Turkey, Roman theatre in Laodicea

Turkey completes restoration of the ancient Roman theatre in Laodicea

The 2,200-year-old theatre, from which you can see Pamukkale, is located in the ruins of Laodicea, a candidate for World Heritage Site.

The restoration of the 2,200-year-old ancient Roman theatre at Laodicea, located in the province of Denizli, in southwestern Turkey, has been completed two years after it began, according to those in charge of the works.

During a press conference, Celal Şimşek, director of the restoration and excavation work at the ruins of Laodicea, a candidate city for UNESCO World Heritage status, explained that the historic theatre had a capacity for about 15,000 spectators, and that now it will be back in use thanks to the restoration project started in 2019.

Şimşek stressed that throughout this time archaeologists have continued to work on unearthing the remains of Laodicea, and that the restoration techniques used in the theatre have followed all international standards. “This is the largest project whose restoration has been completed in such a short time,” he said.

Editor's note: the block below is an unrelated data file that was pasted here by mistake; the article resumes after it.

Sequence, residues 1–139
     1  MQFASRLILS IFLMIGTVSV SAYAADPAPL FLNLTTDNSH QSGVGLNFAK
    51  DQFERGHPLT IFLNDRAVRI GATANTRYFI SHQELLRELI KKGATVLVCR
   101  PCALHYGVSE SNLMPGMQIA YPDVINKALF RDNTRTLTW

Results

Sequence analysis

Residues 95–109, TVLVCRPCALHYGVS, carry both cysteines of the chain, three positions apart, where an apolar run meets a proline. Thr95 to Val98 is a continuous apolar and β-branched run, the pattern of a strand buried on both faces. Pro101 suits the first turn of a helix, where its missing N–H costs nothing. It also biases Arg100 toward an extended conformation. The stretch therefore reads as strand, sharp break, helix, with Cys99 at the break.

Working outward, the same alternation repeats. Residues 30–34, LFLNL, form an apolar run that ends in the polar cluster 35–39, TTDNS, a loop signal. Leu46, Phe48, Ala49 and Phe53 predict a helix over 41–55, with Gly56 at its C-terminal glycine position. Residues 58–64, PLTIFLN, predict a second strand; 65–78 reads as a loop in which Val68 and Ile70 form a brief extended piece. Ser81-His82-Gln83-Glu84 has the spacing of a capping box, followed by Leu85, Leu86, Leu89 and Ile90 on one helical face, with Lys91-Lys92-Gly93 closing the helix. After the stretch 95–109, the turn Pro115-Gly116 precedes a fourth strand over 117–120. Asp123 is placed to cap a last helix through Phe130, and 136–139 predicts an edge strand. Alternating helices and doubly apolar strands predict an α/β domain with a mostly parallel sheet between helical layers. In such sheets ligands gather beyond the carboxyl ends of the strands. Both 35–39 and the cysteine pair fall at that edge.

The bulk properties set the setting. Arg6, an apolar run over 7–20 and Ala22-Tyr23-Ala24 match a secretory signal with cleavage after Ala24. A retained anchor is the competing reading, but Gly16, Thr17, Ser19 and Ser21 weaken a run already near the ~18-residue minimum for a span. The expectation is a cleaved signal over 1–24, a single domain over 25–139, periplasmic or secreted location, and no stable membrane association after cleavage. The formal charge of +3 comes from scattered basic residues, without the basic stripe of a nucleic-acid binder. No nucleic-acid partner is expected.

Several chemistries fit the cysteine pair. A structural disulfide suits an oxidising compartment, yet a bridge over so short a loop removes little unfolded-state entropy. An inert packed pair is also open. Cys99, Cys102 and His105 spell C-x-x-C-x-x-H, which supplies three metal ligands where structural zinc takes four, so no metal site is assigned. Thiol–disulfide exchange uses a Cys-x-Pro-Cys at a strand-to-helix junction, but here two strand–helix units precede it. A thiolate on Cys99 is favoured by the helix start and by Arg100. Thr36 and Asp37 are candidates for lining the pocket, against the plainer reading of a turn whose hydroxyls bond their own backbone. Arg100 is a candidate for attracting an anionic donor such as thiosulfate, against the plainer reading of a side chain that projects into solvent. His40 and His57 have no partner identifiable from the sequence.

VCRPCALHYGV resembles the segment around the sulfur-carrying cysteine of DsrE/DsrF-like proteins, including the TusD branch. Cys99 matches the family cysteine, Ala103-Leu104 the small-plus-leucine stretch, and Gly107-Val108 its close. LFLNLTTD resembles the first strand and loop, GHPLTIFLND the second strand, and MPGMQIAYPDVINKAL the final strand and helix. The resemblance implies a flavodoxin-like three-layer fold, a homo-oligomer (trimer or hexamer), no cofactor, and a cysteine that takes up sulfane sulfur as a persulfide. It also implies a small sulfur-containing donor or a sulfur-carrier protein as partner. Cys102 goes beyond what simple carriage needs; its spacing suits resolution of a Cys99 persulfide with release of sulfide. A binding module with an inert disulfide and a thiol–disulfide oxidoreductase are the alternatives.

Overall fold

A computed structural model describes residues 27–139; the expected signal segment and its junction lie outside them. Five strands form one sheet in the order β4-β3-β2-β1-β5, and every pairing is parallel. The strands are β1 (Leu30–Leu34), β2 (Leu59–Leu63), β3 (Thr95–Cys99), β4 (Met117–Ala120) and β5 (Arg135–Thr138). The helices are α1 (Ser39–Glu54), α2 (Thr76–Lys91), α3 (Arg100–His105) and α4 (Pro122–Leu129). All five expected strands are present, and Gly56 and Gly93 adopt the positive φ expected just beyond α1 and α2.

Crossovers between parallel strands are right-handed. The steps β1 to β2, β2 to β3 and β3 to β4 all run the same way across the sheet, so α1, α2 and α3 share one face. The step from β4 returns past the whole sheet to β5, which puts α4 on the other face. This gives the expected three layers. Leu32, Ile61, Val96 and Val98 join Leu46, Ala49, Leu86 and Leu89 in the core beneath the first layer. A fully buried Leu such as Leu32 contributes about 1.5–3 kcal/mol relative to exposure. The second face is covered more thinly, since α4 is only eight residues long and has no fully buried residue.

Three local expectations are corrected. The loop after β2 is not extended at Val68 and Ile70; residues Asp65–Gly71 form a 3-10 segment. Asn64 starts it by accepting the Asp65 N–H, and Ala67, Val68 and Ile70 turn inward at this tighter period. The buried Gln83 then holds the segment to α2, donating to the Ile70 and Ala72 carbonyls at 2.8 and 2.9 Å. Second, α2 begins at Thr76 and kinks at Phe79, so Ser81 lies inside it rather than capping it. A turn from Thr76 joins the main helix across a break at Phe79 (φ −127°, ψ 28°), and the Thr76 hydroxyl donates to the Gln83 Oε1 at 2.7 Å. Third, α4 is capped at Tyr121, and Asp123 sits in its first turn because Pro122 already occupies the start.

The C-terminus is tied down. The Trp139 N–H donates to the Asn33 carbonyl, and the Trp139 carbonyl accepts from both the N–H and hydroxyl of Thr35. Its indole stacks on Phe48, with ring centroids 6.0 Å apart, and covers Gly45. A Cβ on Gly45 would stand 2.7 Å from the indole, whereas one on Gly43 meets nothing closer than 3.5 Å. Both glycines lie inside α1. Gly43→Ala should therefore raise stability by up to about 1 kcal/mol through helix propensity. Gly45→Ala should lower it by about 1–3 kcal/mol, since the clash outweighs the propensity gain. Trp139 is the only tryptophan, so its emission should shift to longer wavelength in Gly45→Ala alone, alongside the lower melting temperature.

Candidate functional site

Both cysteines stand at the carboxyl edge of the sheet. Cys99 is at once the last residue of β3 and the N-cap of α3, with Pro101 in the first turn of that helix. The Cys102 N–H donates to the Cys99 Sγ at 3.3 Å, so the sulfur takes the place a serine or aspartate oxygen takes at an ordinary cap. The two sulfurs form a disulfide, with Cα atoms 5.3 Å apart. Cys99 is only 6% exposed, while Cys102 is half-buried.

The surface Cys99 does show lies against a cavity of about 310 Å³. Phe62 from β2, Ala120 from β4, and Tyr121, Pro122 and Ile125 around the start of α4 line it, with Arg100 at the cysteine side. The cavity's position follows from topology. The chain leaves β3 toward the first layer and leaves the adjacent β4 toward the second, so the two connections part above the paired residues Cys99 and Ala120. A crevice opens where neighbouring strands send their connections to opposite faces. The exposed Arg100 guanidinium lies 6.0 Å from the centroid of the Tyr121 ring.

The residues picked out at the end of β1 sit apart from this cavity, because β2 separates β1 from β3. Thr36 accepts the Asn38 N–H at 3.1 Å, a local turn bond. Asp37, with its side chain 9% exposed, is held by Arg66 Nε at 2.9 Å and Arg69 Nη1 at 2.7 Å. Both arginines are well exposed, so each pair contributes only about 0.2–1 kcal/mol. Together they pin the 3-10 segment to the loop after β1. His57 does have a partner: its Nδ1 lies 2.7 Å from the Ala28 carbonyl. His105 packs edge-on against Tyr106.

A prosperous commercial city under the Roman Empire, Laodicea suffered several earthquakes, one of which completely destroyed it in 494: this event marked the decline of the city and its theatre (from which Pamukkale can be seen); however, it had already been abandoned in the fourth century with the arrival of Christianity.

A total of 10 academics, a specialist architect, 12 archaeologists, 4 restorers and 20 workers have worked on the restoration of the ancient Roman theatre in Laodicea, a city founded in the 3rd century BC. in honor of Laodice, the wife of Antiochus II Theos, king of the old Seleucid Empire.